States and local jurisdictions across the nation have demonstrated leadership in developing programs and policies that both encourage and require compliance with energy codes, stretch codes (e.g., above-minimum codes) and green building techniques, energy-efficiency practices, and environmentally-friendly procedures. The laws and regulations behind these programs and policies can help states and jurisdictions establish unique policies to address their particular needs.
Model policies for residential and commercial building construction have been identified in the following categories:
Code Adoption and Compliance Policies
Code adoption policies require states and jurisdictions to adopt or update mandatory and voluntary energy codes. These policies often outline and define the adoption process and may require the one-time adoption of a state-specific code or mandate a specific time period in which a state must upgrade to the latest version of a model energy code. Compliance policies require commercial and residential buildings to be in compliance with state or local regulations and building codes.
Energy Conservation Ordinances and Mandatory Upgrade Policies
Energy conservation ordinances require existing buildings to meet minimum energy-efficiency standards at the time of sale or renovation. This may include retro-commissioning measures, an energy audit of the building, or mandatory upgrades.
Exceeding the Code Policies
Exceeding the code policies require or encourage commercial and residential buildings to exceed the minimum code adopted by a state or jurisdiction. These policies may require that all projects achieve the same percentage of efficiency over the state or model energy code or that a particular project achieve an efficiency level over the adopted code.
Energy Audit, Benchmarking, and Disclosure Policies
Energy audit, benchmarking, and disclosure policies make sure that an accurate model of the energy consumption of a building or home is captured. Energy audits can be used to assess the amount of energy a building uses, implement energy-efficiency strategies, and help make informed energy decisions. Benchmarking may be used to compare buildings or homes of similar size and occupancy type, or as a means to measure the reduction of energy usage over time. Energy disclosure allows commercial buildings as well as residential homes, to be rated on the measure of the building's energy efficiency, with ratings being disclosed to the public or to entities requiring knowledge of energy performance.
Retro-commissioning policies require that diagnostic and functional tests be implemented to identify low-cost maintenance and operational improvements that increase efficiency, indoor air quality, and occupant comfort and make sure that all building systems perform as designed.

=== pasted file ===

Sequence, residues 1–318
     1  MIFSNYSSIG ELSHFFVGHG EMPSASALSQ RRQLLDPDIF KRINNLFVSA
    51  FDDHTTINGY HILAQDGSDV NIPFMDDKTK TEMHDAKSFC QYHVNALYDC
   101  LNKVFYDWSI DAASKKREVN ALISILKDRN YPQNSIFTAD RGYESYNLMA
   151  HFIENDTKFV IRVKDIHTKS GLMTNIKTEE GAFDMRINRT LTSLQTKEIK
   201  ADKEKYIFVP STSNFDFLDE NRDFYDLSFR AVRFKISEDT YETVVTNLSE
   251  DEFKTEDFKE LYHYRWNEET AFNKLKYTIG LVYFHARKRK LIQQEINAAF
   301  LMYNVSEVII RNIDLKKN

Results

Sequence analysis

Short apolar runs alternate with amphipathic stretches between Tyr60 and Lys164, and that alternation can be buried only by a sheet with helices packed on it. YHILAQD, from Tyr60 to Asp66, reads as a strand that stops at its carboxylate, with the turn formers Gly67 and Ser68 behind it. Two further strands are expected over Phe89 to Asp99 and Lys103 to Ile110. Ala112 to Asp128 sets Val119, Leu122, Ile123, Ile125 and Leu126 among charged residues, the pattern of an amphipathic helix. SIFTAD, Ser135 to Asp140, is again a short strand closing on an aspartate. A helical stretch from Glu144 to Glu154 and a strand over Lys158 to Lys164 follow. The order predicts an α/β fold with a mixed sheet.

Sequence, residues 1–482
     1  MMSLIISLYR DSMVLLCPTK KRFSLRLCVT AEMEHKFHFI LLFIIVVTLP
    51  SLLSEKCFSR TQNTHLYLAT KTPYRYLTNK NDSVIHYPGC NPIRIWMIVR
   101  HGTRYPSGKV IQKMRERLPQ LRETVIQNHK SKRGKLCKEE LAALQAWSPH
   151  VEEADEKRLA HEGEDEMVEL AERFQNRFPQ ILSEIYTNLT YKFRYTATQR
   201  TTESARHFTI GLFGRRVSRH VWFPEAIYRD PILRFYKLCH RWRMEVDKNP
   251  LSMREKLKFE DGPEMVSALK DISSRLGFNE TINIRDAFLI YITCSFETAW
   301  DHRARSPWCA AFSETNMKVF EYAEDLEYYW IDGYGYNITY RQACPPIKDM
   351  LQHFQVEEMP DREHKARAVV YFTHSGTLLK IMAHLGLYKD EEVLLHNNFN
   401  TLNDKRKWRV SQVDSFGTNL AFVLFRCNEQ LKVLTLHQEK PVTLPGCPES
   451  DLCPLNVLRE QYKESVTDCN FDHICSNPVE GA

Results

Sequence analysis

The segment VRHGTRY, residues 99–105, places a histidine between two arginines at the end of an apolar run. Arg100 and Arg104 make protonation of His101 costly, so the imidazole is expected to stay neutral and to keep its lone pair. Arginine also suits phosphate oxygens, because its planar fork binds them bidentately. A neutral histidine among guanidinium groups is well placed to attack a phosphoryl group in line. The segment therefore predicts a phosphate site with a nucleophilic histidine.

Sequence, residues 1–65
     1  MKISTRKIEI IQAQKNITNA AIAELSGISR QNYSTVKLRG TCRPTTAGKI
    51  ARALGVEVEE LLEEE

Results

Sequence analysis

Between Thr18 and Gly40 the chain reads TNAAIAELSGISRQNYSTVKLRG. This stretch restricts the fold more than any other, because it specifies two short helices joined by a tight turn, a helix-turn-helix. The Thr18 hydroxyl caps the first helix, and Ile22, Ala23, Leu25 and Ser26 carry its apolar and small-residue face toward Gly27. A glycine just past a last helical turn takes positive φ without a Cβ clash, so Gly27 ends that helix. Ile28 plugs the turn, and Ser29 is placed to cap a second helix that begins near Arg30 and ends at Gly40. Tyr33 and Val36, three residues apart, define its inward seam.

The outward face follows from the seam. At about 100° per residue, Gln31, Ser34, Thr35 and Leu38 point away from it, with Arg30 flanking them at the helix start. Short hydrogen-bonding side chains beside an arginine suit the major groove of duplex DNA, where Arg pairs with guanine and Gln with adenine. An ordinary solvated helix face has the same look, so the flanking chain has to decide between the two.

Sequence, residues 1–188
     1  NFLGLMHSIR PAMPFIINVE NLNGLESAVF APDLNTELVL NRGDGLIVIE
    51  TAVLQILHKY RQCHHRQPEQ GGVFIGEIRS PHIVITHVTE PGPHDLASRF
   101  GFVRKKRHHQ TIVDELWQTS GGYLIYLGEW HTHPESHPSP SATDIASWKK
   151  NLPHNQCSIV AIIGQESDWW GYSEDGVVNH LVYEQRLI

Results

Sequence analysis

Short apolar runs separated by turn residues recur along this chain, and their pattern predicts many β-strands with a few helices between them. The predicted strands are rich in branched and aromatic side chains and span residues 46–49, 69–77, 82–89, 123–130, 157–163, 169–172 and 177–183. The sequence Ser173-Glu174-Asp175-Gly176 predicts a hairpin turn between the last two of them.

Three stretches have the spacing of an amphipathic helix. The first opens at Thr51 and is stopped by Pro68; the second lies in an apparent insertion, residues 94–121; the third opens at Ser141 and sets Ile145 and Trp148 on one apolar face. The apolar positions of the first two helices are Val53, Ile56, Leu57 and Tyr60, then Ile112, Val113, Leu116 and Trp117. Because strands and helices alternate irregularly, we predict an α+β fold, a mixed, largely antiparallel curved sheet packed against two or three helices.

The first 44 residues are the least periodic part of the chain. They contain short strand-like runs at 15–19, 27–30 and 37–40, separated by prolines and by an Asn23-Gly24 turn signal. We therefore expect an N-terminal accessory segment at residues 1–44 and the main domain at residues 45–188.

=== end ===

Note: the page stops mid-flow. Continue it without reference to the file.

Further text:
Net-Metering and Sub-Metering Policies
Net-metering and sub-metering policies allow building owners, property managers, utilities, and tenants to monitor the amount of energy used throughout a building. Net-metering systems capture total building energy use on a monthly, daily, or hourly basis, including average and peak energy use. Sub-metering systems in commercial and multi-family residential buildings allow for the individual tenancy billing of utilities and can be required for individual systems and components.
Lighting Upgrade Policies
Lighting upgrade policies can be implemented in commercial and residential buildings to reduce lighting energy use and heat gain, maximize energy savings, and improve lighting quality. Lighting upgrades include the proper design, installation, operation, and retrofits of lighting systems, fixtures, and controls.
Green Building Policies
Green building codes and beyond-code (e.g., stretch codes) programs offer interested states and local jurisdictions the means needed to improve energy efficiency, water conservation, and overall sustainability of their communities and buildings. Beyond-code programs incorporate all aspects of the life cycle of a building or home, from the initial design and construction phases to the operation of the building long after it has been occupied.
Water Conservation and Landscaping Policies
States and jurisdictions are reducing water consumption by implementing water and landscaping policies and programs. Water conservation programs include indoor water-use reduction, increased equipment water efficiency, outdoor water-use reduction, alternative water sources, and water metering and automatic controls.
Incentive policies can be used to increase the use and implementation of green building techniques and encourage participation in third-party programs, such as Leadership in Energy and Environmental Design and Green Globes. Effective incentives are designed to save builders and building owners' time and/or money, build capacity through training or design assistance, or add value to a business through subsidized marketing.
Environmental sustainability and efficiency policies extend beyond the design, construction, and operation of buildings. States and jurisdictions have developed programs and policies related to alternative energy and utility sources, biofuel utilization, and the funding of further energy research and education.
States and jurisdictions are incorporating innovative efficiency activities into public policy. New policies for commercial and residential buildings include renewable energy purchasing, material conservation and waste avoidance, green procurement, hybrid vehicles, and zoning requirements, among many others.